Every Monday, Mint’s Plain Facts section features key data releases and events you need to keep an eye on during the week. Numbers on India’s services activity will help us understand the extent of post-lockdown recovery in June. Tata Consultancy Services (TCS) Ltd will kick off the earnings season with its June-quarter results on Thursday. Data on mutual fund inflows in June will also be out later this week. Here are the big numbers to track:
1. Services PMI
India’s factory activity contracted for the first time in 11 months in June, shows the first purchasing managers’ index (PMI) reading released on Thursday. The second PMI reading—that for the services sector—will be out on Monday. A nine-month low reading of 46.4 in May shows services activity shrank for the first time since September 2020 as the second wave immobilized large parts of contact-intensive services. High input prices remain a drag, and the manufacturing PMI data for June suggests subdued business sentiment, with continued job losses and weak demand. The experience of advanced economies shows that recovery in services will lag manufacturing until vaccines reach more people. The services sector will likely continue to pull down the composite index in June as well. However, economists see quicker recovery this year than in 2020. Urban centres are witnessing increased mobility, and with lockdowns easing, most high-frequency indicators have gathered steam.
2. Mutual funds
Investors have returned to equity mutual funds in hordes this year as market sentiment has brightened up. Eight straight months of outflows until February, driven by a dull outlook, have reversed: inflows swelled to a 14-month high of ₹9,235 crore in May. Data for June is due from the Association of Mutual Funds in India (AMFI) on Saturday.
The 1% gain in the benchmark share indices in June is likely to have kept mutual funds propped up. Robust earnings growth for listed companies has aided the sentiment, and so has the expectation of a quick recovery after the second wave. Mid-cap and small-cap funds continue to outperform other segments.
Meanwhile, emerging markets will keep an eye out for likely policy reversals from the US Federal Reserve in the coming months. Domestic mutual fund inflows could support markets in case of volatility, but a big correction could discomfit investors.
3. TCS Q1 results
Tata Consultancy Services (TCS) will become the first major company to declare its June quarter financial results on Thursday. The technology firm had a brief contraction in its bottomline due to the lockdown last year, but had fully recovered by the end of 2020. The outlook for April-June is strong, as it is for the broader sector. Analysts predict around 4% sequential growth in sales in the June quarter, as seasonal spending by clients helped curtail the second wave impact for India’s largest software services exporter. But wage hikes to check attrition could crimp margins, analysts tracking the sector said.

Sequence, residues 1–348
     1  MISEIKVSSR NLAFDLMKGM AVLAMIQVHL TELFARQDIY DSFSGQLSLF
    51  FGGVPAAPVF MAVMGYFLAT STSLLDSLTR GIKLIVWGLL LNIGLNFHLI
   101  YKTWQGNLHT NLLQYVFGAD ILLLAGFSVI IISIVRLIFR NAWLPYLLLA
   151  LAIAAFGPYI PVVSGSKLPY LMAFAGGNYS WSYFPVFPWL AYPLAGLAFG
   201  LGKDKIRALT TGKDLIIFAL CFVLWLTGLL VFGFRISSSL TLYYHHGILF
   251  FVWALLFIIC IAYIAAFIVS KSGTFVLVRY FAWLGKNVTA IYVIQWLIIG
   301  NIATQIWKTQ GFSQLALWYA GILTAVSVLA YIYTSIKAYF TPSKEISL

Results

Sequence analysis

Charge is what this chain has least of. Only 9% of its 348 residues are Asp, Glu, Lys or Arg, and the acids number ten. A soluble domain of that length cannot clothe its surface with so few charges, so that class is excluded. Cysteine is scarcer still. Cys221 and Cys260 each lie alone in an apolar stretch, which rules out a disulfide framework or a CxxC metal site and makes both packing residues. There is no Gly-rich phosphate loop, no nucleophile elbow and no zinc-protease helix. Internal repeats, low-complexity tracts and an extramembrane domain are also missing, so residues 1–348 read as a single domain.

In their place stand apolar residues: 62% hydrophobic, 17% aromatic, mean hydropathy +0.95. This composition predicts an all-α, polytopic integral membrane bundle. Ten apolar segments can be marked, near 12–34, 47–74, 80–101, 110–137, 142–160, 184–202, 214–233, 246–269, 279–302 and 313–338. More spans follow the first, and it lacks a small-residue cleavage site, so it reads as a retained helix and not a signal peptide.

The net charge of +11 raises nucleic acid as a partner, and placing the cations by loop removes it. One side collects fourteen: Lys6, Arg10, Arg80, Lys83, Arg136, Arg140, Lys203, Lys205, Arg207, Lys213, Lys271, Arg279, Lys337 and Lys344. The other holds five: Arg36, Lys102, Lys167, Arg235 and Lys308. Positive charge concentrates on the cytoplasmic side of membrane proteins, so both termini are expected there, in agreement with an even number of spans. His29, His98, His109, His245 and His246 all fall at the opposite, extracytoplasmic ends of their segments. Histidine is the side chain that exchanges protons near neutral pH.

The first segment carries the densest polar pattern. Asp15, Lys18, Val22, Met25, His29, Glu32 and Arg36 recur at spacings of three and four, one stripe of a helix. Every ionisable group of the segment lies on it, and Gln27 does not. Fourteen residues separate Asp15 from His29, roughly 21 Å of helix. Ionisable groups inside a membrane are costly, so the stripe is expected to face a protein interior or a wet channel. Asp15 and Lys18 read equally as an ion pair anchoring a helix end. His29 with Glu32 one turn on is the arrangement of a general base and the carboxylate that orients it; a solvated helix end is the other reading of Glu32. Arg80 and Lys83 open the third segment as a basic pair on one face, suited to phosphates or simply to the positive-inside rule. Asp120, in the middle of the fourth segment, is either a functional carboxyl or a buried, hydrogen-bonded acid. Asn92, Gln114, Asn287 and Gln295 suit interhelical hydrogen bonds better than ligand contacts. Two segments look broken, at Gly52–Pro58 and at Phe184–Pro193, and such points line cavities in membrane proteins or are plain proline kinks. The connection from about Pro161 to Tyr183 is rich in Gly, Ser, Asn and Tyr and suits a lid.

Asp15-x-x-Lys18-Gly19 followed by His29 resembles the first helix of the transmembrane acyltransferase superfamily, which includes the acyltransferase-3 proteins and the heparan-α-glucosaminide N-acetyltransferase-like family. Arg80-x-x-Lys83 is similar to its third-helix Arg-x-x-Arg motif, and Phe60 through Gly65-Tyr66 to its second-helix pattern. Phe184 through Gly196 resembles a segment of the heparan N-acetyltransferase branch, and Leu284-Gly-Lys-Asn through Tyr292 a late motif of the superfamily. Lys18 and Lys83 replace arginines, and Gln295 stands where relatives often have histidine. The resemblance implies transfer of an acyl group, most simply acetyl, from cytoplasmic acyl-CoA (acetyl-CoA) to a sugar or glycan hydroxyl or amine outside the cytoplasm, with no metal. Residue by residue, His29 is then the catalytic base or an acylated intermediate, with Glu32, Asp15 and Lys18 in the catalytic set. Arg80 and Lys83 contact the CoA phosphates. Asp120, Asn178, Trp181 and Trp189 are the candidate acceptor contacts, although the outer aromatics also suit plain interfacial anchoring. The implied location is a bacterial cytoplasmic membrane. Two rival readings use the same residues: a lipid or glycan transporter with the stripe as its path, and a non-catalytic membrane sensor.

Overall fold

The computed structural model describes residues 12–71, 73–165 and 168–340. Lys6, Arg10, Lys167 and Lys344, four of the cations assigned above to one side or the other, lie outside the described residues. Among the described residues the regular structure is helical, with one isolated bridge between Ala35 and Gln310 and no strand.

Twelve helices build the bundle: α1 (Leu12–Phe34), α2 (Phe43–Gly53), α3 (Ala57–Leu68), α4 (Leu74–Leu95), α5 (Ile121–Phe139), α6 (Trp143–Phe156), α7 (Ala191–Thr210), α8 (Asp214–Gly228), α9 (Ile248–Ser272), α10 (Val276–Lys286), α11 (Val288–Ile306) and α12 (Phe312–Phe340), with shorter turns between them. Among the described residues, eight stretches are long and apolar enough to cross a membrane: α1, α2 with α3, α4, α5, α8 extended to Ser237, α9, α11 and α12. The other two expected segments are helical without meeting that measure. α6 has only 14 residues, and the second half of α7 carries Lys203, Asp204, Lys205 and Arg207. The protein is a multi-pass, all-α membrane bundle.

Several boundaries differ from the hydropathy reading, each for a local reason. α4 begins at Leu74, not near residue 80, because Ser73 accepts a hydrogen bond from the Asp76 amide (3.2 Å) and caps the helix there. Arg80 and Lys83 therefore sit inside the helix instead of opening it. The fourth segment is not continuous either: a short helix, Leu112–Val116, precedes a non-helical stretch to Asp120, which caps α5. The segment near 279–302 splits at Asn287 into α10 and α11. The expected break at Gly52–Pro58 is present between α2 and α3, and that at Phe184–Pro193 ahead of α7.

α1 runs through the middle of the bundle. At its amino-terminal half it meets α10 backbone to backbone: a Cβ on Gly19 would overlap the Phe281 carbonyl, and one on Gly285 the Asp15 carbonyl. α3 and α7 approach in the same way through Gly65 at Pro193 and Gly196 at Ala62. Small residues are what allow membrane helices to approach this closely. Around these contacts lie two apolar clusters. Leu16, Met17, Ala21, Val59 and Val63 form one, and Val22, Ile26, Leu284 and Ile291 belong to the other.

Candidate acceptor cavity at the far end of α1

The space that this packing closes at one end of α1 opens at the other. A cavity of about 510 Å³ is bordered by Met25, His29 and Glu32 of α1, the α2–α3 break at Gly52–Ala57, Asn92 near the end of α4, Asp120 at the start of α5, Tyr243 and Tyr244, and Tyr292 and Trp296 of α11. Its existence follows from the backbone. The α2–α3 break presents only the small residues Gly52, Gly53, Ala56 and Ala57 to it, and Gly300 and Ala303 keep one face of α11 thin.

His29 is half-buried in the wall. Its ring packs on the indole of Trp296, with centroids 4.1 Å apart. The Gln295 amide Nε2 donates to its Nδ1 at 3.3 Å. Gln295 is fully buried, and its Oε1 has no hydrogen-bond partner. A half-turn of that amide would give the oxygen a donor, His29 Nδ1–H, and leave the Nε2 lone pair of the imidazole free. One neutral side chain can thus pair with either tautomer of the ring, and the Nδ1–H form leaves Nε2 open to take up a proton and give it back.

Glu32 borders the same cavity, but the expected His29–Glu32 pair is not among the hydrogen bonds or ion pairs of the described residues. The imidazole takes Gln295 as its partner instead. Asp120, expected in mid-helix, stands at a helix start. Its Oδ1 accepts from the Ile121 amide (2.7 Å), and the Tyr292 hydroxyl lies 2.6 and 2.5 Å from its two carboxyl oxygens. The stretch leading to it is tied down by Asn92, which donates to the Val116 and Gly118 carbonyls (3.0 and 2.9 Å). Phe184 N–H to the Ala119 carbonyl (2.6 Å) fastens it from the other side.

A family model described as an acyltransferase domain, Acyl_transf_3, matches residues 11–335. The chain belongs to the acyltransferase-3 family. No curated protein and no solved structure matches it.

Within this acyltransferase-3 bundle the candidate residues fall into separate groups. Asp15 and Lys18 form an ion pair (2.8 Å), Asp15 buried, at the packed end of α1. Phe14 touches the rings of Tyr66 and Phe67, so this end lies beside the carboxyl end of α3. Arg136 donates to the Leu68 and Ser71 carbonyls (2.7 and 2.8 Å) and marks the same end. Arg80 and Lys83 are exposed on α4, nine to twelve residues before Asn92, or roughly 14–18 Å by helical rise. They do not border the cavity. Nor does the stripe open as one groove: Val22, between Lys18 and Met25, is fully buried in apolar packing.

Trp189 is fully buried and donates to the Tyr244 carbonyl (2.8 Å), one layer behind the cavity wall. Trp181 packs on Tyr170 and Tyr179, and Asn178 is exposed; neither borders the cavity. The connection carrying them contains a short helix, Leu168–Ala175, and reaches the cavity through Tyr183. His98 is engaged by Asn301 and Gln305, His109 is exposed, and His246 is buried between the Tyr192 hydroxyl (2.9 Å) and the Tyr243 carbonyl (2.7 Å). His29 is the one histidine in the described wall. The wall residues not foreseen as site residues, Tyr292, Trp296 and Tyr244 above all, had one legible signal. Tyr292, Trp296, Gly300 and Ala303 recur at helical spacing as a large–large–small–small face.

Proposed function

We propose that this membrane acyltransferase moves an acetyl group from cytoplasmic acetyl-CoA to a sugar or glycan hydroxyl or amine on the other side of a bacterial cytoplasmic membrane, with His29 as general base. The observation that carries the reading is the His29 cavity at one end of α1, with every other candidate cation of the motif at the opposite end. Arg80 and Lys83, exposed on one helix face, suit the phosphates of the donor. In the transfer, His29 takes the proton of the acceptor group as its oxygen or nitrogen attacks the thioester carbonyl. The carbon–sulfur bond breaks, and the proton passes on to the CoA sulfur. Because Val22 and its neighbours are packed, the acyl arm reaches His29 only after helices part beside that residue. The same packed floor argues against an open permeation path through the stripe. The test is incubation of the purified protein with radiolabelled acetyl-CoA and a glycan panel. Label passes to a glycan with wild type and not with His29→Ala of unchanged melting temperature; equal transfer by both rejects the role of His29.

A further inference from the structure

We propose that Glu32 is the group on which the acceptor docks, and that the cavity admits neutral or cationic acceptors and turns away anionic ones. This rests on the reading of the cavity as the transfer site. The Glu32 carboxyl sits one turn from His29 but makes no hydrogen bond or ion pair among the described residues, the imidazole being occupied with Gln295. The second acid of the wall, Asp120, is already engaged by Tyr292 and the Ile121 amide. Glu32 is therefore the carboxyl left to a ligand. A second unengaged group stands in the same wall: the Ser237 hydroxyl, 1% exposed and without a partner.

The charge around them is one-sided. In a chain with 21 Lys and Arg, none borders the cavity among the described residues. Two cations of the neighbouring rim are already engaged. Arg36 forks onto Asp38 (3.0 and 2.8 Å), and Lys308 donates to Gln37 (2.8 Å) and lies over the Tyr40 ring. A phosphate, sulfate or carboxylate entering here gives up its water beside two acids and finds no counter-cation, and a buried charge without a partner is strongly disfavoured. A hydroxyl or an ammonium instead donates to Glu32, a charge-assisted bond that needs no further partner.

Investor appetite for the IT sector has only grown during the pandemic because of the moves towards cloud-based computing and digitization. The BSE Information Technology index has gained 19% this year, against a 9% gain for the Sensex, with the TCS stock generating 10% returns. On earnings day, investors will watch out for more on the company’s pipeline of deals and future growth outlook.
4. Services PMI (EU, UK & US )
Final services PMI data for three of the world’s most advanced economies for June will be out this week: for the euro zone and the UK on Monday, and for the US on Tuesday. Fast-paced vaccinations have helped the rich world revive services activity quicker than others, driving rapid economic recovery.
The US is furthest ahead, having entered expansion as early as July 2020. Provisional figures show a slight slowdown from 70.4 in May to 64.8, on account of labour market issues. In the UK, exports were subdued, with the services PMI dipping slightly.
The EU is going strong in its fresh revival mode, having clocked the first 50-plus services PMI of 2021 only in April. A PMI reading above 50 denotes monthly expansion. Provisional figures show continued, and accelerating, recovery.
The numbers bode well for the recovery for advanced economies. Inflationary pressures are causing some discomfort for business leaders, but medium-term sentiment is getting brighter.
5. China inflation
China’s soaring inflation is creating ripples across the world. A 13-year-high producer price inflation is likely to force local businesses to hike prices of finished goods sooner rather than later. Given the heft of Chinese exports globally, economists fear this would feed into inflation in importing countries.
In May, high commodity prices pushed factory-gate inflation to 9%, while retail prices rose just 1.3%: the gap was the highest in three decades. China’s June inflation data on Thursday will tell us whether that gap is closing.
China finally appears to be acting to check prices. After clamping down on commodity prices, the Chinese central bank is talking of more flexible, targeted policy. It is possible that monetary tightening could begin in China earlier than anticipated. But until that happens, the world will be wary of China-exported inflation.
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